July 14, 2010

Tony Hsieh, CEO of Zappos.com, talks about leadership.

First, let me say that I ordered these sandals from Zappos and had them at my door less than 20 hours later. And that was with the free shipping option, not any kind of express service. So that makes me very pro-Zappos right now. So here's Hsieh:
Tony Hsieh: Every employee understands that part of their job description is actually to live and inspire the culture in others. A lot of it is done on the front end; during the hiring process we do two sets of interviews. The first set is kind of the standard -- the hiring manager and his or her team will look for someone to a fit within the team, relevant experience, technical ability and so on, but then we do a separate, second set of interviews with our HR team, and they look purely for a culture fit, and they have to pass both in order to be hired. We have passed on a lot of smart and talented people that we know can make an immediate impact on our top or bottom line but if they are not a culture fit, we won't hire them.

Tom Heath: What do you ask them, when you want to know if they can fit in the culture, and whether they will or not?

Tony Hsieh: We offer tours to the public, and our headquarters are in Las Vegas. We will pick you up at the airport, ride in the Zappos shuttle, take an hour long tour and then drop you off at the hotel.

For candidates we do the same thing: We pick them up, give them a tour, and then they spend the day interviewing. But at the end of the interview process, our head of recruiting goes back to the shuttle driver and asks them how they were treated. If they were not treated well when they thought they were off the clock then we won't hire them, it's not even a question.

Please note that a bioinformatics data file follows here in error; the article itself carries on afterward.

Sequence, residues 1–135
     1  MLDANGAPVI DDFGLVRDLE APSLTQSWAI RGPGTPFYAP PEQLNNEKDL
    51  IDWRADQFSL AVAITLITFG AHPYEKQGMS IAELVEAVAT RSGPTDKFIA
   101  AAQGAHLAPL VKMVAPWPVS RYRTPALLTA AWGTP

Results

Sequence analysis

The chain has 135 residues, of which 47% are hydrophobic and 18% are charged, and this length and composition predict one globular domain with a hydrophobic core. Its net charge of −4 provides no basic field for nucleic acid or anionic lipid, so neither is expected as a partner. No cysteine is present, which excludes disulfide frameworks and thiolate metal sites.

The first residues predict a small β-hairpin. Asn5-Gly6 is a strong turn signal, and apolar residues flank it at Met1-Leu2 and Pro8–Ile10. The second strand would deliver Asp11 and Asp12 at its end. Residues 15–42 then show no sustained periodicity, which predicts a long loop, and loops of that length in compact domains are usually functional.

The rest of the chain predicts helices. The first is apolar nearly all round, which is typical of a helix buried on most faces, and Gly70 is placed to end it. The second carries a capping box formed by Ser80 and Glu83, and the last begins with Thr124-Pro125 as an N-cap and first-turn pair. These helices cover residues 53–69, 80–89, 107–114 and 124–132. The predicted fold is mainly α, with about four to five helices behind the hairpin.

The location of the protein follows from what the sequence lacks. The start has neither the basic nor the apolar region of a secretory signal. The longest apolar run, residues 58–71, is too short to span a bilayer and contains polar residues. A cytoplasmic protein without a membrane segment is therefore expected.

28 comments:

GMay said...
This comment has been removed by the author.
Chase said...

The typo - it currently reads "leadershiop" - makes me feel better about my comment typos.

Thank you.

Jennifer said...

That guy impressed the heck out of me when - frustrated with slogging through a ton of kids' sandals, trying to find covered toe sandals as required by schools - I tweeted him a suggestion about providing such a filter. His customer service team tweeted back to me almost immediately. Then, a few days later, he followed me, DM'd me, apologized for taking "so long" to respond while traveling and thanked me for my suggestion.

Wow!

I have no idea if they incorporated the suggestion, but the treatment I got was so great that I didn't even care about the filter anymore. I always buy the whole family's shoes on Zappos. Always will, probably. The guy knows how to make a customer a fan.

danielle said...

Ann's favorite divalogger is back on bloggingheads.tv today ! or maybe that's her 2nd favorite, after Michelle Goldberg.

rhhardin said...

They'll say whatever appeals to buyers of women's shoes.

Nothing beats my $7.99 off-brand supermarket crocs.

Jennifer said...

Also he wrote one of the funniest tweets I've ever read.

Dear breakfast burrito: Why are you so angry w/ me? Why spit on my shirt? Because I had an Egg McMuffin without you yesterday?

Ha ha. Ok, I'll buy shoes.

Richard Dolan said...

GMay: The extra "i" is a feature, not a bug.

The 'culture' part of the interview process doesn't seem all that specific. From the description, it's basically a 'no arrogantly condescending to the little people' kind of thing. There are many good reasons why any company would want to screen out arrogant jerks during the interview process. But how does that differntiate Zappos from any other organization's culture?

A little too New Age-y goo-goo speak for me.

knox said...

I always buy the whole family's shoes on Zappos.

Me too. Years ago, my husband ordered a pair of shoes from Zappos that never arrived. They sent a replacement pair, no questions asked. Almost everything I order arrives the next day. Free returns. And they actually have pleasant and helpful people answering the phone. They really do earn customer loyalty.

Pastafarian said...

Hey, I just ordered sandals from Zappos too, just received them earlier this week.

It's a great website. Huge selection. Very efficient service.